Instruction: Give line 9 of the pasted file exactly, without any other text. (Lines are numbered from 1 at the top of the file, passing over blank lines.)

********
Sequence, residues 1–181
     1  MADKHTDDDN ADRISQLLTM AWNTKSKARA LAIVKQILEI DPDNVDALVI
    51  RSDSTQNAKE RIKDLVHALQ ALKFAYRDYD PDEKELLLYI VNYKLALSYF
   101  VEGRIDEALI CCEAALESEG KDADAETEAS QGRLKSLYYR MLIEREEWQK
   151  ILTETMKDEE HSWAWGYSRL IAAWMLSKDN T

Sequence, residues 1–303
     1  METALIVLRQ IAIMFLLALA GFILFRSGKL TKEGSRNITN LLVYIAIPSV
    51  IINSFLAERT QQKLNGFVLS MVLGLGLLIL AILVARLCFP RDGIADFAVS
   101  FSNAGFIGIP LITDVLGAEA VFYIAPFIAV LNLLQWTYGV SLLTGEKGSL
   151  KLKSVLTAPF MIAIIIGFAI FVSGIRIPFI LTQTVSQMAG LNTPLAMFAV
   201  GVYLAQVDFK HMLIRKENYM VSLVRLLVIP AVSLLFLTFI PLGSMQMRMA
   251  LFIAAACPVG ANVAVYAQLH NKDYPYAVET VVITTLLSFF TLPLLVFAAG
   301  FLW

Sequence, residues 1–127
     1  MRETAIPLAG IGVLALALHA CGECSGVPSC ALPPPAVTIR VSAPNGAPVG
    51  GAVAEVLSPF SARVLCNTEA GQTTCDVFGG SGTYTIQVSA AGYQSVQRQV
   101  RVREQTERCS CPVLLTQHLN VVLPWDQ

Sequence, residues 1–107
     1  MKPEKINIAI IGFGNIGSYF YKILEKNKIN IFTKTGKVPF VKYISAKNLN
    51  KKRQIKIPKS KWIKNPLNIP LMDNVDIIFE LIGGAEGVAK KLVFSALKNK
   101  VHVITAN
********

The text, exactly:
   101  FSNAGFIGIP LITDVLGAEA VFYIAPFIAV LNLLQWTYGV SLLTGEKGSL